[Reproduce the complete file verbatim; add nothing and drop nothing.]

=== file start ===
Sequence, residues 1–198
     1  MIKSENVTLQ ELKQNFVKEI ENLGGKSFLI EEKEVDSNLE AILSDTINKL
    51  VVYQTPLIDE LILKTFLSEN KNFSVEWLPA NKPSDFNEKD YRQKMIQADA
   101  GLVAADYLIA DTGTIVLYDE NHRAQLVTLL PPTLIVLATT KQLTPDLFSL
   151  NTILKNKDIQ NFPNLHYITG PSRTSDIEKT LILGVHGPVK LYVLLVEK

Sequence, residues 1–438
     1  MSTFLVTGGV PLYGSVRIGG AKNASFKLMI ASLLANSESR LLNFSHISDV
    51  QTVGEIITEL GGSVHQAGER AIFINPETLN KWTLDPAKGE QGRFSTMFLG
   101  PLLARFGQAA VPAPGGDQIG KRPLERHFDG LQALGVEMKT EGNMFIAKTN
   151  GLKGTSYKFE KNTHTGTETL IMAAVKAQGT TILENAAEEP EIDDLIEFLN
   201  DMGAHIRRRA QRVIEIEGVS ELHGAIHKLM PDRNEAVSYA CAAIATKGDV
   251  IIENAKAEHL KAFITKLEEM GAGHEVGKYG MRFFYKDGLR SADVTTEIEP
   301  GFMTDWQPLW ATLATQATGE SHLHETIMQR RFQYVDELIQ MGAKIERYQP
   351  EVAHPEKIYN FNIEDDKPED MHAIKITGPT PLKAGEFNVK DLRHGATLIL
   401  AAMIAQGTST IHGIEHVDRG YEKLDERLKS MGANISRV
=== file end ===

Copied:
Sequence, residues 1–198
     1  MIKSENVTLQ ELKQNFVKEI ENLGGKSFLI EEKEVDSNLE AILSDTINKL
    51  VVYQTPLIDE LILKTFLSEN KNFSVEWLPA NKPSDFNEKD YRQKMIQADA
   101  GLVAADYLIA DTGTIVLYDE NHRAQLVTLL PPTLIVLATT KQLTPDLFSL
   151  NTILKNKDIQ NFPNLHYITG PSRTSDIEKT LILGVHGPVK LYVLLVEK

Sequence, residues 1–438
     1  MSTFLVTGGV PLYGSVRIGG AKNASFKLMI ASLLANSESR LLNFSHISDV
    51  QTVGEIITEL GGSVHQAGER AIFINPETLN KWTLDPAKGE QGRFSTMFLG
   101  PLLARFGQAA VPAPGGDQIG KRPLERHFDG LQALGVEMKT EGNMFIAKTN
   151  GLKGTSYKFE KNTHTGTETL IMAAVKAQGT TILENAAEEP EIDDLIEFLN
   201  DMGAHIRRRA QRVIEIEGVS ELHGAIHKLM PDRNEAVSYA CAAIATKGDV
   251  IIENAKAEHL KAFITKLEEM GAGHEVGKYG MRFFYKDGLR SADVTTEIEP
   301  GFMTDWQPLW ATLATQATGE SHLHETIMQR RFQYVDELIQ MGAKIERYQP
   351  EVAHPEKIYN FNIEDDKPED MHAIKITGPT PLKAGEFNVK DLRHGATLIL
   401  AAMIAQGTST IHGIEHVDRG YEKLDERLKS MGANISRV